Dealing with Russia: The Wrong Priorities

With tensions bubbling over at the G-8 between the United States and Russia, we have to wonder if Washington has any leverage left over Moscow on crucial security issues. Missile defense might provide some.

With tensions bubbling over at the G-8 between the United States and Russia, we have to wonder if Washington has any leverage left over Moscow on crucial security issues. When I expressed outrage that the Nunn-Lugar progress budget remains at about the same size it was before 9/11, one of its strongest supporters in the Senate explained to me that Russia has shown little interest in more money since the price of oil has increased. Few question the importance of blending down the material from which terrorists could make nuclear bombs, most of which is found in Russia (and the United States). The same holds true for better securing the 10,000, give or take a few, tactical nuclear arms that are floating around Russia's insecure borders. If dollars could not motivate Russia, what could?

The answer is found in an old Jewish joke that is not particularly funny, but useful. A villager asked his rabbi for help; his home was so crowded he could not stand it any more. The rabbi told him to add a goat. The villager was incredulous, but the rabbi persisted. A few weeks later the same man came back to the rabbi in complete despair. The rabbi told him, "Take out the goat." The villager lived happily ever after.

The "goat" in this case is the missile defense system we are installing in Russia's neighboring republics, which Russia sees as threatening. Whether Russia is merely paranoid or the missile defense system truly undermines its security is beside the point. What matters is that most experts don't expect it to work, it tests poorly, is expensive and unnecessary. We could take it out and lose little. Russia may not live happily ever after, but given the importance it attributes to this matter, it may be willing to allow major increases in the Nunn-Lugar program in return.

Such increases are more likely to find receptive ears in Russia than many other policy changes the United States is advocating because it will directly serve Russian interests. True, Putin and his advisers tend to scoff at the idea of nuclear terrorism, especially scenarios involving the Chechens. There is, however, a world of difference between considering a program of limited national interest and viewing a program as antithetical to one's interest. There is nothing in Nunn-Lugar to agitate the Russians comparable to placing our missile systems on their borders. Hence, giving up the second is likely to buy us more leg room for the first.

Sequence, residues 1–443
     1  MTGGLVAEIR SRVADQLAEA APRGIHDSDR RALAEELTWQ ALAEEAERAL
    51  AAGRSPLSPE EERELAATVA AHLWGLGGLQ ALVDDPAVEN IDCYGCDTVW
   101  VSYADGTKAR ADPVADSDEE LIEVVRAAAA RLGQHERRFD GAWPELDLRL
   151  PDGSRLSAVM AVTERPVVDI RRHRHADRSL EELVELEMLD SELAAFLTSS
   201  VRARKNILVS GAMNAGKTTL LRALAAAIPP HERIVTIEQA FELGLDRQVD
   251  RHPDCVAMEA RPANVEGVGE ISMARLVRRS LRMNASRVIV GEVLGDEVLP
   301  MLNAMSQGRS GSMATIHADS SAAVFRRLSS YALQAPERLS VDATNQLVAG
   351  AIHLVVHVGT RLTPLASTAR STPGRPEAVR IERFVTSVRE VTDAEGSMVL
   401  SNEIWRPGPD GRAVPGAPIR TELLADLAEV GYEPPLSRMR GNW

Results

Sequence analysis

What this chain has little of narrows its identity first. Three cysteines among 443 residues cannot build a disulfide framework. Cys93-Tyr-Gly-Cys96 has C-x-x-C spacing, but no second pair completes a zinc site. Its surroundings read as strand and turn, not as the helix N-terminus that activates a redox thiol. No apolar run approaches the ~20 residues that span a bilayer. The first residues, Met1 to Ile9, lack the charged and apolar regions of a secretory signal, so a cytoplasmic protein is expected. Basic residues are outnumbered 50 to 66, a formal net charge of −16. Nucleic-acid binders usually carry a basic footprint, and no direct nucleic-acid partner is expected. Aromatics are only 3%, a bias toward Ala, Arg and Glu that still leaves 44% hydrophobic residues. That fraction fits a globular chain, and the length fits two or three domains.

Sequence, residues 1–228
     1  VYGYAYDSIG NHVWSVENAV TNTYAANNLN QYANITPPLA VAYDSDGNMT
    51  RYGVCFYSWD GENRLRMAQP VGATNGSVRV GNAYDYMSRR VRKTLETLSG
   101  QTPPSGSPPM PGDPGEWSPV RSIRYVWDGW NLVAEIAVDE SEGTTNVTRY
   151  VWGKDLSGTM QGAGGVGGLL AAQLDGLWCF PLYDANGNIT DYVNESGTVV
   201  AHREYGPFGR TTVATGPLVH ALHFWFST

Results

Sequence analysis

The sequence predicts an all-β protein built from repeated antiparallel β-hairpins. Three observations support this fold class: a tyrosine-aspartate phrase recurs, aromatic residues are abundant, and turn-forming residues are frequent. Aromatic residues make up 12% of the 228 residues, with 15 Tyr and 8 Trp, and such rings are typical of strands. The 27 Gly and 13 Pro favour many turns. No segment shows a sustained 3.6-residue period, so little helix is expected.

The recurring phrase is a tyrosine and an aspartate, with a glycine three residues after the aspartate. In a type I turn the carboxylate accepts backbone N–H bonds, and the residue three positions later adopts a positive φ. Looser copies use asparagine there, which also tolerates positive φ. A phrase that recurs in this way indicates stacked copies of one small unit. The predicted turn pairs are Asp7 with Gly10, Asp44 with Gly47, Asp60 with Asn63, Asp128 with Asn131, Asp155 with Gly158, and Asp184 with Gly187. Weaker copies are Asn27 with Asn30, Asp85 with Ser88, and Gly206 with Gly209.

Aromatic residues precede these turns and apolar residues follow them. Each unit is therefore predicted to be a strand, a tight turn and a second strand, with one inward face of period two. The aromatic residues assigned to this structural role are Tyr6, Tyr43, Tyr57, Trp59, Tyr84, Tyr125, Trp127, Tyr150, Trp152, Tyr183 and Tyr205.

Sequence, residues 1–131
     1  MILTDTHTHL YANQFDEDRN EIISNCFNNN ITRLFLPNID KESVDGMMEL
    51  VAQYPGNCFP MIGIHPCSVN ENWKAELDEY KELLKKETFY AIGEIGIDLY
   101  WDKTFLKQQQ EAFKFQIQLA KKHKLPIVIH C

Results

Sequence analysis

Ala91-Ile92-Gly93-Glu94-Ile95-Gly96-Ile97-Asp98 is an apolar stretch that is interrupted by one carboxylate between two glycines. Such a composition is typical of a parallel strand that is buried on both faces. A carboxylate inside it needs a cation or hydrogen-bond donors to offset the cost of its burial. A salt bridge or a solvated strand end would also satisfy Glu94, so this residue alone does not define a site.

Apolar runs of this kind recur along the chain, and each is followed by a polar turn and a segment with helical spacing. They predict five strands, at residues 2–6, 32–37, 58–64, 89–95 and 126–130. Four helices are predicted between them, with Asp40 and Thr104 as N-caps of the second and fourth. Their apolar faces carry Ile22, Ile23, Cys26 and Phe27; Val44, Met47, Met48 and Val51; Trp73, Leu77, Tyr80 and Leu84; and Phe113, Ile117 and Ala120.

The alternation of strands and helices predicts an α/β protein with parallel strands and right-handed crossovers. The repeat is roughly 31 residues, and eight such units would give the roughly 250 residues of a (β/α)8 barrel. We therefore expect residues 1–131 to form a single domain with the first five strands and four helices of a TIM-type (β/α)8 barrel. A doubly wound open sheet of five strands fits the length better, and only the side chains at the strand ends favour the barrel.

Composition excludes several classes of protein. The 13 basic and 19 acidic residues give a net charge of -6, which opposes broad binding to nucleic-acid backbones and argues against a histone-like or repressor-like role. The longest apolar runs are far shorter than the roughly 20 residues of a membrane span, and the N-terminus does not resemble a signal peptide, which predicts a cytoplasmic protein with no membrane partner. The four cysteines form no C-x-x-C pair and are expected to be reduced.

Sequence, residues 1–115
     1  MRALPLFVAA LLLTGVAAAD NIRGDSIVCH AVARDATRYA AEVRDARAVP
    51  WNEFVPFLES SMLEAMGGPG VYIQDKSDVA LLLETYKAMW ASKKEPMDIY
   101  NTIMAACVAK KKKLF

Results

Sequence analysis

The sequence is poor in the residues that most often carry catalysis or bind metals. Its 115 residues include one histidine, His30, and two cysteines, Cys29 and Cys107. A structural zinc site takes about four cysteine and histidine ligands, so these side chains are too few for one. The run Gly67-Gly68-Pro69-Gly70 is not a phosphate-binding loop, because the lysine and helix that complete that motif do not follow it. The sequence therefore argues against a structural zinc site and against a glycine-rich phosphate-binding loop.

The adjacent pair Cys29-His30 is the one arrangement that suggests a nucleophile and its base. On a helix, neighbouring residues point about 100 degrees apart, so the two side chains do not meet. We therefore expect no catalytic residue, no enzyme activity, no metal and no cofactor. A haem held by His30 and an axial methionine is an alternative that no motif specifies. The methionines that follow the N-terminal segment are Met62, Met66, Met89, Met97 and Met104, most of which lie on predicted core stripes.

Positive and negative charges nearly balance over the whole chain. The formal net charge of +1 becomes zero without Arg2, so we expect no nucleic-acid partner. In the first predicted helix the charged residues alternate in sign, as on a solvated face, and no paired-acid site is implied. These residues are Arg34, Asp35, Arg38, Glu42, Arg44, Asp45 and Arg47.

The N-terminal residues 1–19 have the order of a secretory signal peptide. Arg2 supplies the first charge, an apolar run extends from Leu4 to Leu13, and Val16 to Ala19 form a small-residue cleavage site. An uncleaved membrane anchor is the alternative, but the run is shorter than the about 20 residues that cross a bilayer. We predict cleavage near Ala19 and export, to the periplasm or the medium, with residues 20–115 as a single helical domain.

If a still larger incentive is needed, we may even scale back our drumbeat for Russia to democratize, because-the record shows-it falls on deaf ears. Despite numerous public and private presentations by the United States, in favor of freedom of the press, allowing NGOs to do their thing, competitive political parties, and other elements of democracy, the Putin regime has been moving in the opposite direction. Berating him may have caused him some embarrassment in the West and even in some circles at home, but has brought us nothing concrete.

In contrast, over the last six years the United States has used little of whatever leverage it has over Russia to encourage the introduction of stronger measures to curb the danger of nuclear terrorism. President Bush and President Putin did issue one joint statement to this effect following a 2005 meeting in Bratislava. But there has been little follow-through.

Russia is a failing state. The central government is not in control. Various generals, tycoons and crooks wheel and deal on their own in an atmosphere akin to the Wild West. The troops that guard the so-called "closed cities", in which much of the dangerous material is found, are very poorly paid. Only removing or neutralizing the fissile materials can, in the long run, underpin our security, Russia's security and global security. Here is where our first, second and third priorities of dealing with Russia ought to lie.

Amitai Etzioni is professor of sociology and international relations at The George Washington University. This article draws on his new book, Security First: For a Moral, Muscular Foreign Policy, just published by Yale University Press.